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T-Space at The University of Toronto Libraries >
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Please use this identifier to cite or link to this item: http://hdl.handle.net/1807/30146

Title: Economies of Speed? Bike Couriers, Pace, and Economic Development in the Global City
Authors: Adler, Patrick
Advisor: Deborah, Leslie
Department: Geography
Keywords: Economic Geography
Economic Development
Cycling Culture
Urban Metabolism
Global Cities
Skill Based Technological Change
Issue Date: 1-Dec-2011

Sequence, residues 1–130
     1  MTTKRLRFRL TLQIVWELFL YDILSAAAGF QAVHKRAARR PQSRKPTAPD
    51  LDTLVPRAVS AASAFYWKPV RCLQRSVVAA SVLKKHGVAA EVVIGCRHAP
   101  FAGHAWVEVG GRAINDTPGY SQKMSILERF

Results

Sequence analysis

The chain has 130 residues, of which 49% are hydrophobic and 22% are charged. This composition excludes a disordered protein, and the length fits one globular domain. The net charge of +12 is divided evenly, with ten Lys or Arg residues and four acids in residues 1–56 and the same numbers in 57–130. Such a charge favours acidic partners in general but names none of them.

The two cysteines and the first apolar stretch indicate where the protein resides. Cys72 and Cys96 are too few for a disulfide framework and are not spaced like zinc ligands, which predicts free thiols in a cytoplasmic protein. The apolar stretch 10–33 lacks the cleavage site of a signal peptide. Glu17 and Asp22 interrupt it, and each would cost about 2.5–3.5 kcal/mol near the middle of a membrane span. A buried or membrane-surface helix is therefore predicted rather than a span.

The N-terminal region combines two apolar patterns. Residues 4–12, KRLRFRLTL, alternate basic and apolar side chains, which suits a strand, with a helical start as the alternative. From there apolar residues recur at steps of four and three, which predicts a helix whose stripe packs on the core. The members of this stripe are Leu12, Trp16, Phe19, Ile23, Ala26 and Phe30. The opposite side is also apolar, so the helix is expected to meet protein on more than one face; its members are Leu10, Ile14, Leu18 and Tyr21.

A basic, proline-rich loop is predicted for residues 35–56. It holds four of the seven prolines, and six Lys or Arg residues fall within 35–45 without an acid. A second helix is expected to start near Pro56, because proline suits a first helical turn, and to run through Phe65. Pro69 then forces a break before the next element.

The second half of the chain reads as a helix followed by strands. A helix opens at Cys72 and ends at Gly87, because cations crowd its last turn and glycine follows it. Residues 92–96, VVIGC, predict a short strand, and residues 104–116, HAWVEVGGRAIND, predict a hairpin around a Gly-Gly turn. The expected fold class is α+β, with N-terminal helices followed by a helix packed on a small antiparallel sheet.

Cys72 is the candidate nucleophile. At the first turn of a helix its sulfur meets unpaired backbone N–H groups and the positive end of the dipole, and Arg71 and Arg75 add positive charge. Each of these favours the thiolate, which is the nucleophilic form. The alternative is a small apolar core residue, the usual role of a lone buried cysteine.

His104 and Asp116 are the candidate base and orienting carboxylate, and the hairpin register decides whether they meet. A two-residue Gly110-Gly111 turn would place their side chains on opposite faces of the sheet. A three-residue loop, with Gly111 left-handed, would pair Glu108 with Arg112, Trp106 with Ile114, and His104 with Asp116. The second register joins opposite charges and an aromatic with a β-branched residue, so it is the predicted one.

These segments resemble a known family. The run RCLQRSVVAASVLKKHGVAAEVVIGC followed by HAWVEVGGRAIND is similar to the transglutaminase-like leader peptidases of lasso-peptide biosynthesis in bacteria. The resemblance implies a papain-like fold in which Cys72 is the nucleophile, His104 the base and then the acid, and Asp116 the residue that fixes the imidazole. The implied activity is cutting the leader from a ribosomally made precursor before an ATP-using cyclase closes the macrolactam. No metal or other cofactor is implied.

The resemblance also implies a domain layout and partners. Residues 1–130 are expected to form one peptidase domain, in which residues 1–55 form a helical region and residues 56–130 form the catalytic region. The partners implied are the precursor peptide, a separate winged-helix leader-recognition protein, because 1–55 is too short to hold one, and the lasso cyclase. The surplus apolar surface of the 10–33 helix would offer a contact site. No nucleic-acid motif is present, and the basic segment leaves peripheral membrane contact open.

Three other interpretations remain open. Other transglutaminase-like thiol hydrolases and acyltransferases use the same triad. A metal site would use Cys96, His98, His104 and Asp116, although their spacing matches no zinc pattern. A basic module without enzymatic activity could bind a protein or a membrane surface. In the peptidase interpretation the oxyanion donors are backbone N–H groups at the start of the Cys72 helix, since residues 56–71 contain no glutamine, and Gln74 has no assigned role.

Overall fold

Abstract: In this thesis, I propose that bike courier delivery is not merely a convenient service for clients but an important function in the operation of successful economies. By allowing the regions to function at higher speeds, same-day courier networks seem to play an active role in generating positive economic outcomes. The availability of courier networks is found to be as uneven as economic vitality itself. Cities like New York and Toronto have large, dense courier networks, capable of delivering items within an hour while smaller cites, do not support same-day courier service at all. They do this, in part, by allowing for couriers to cope with the precariousness of their work, and in part by providing supportive sub-cultures. These findings point to the role of service workers, and wider eco-systems in fostering regional advantage.  
URI: http://hdl.handle.net/1807/30146
Appears in Collections:Master

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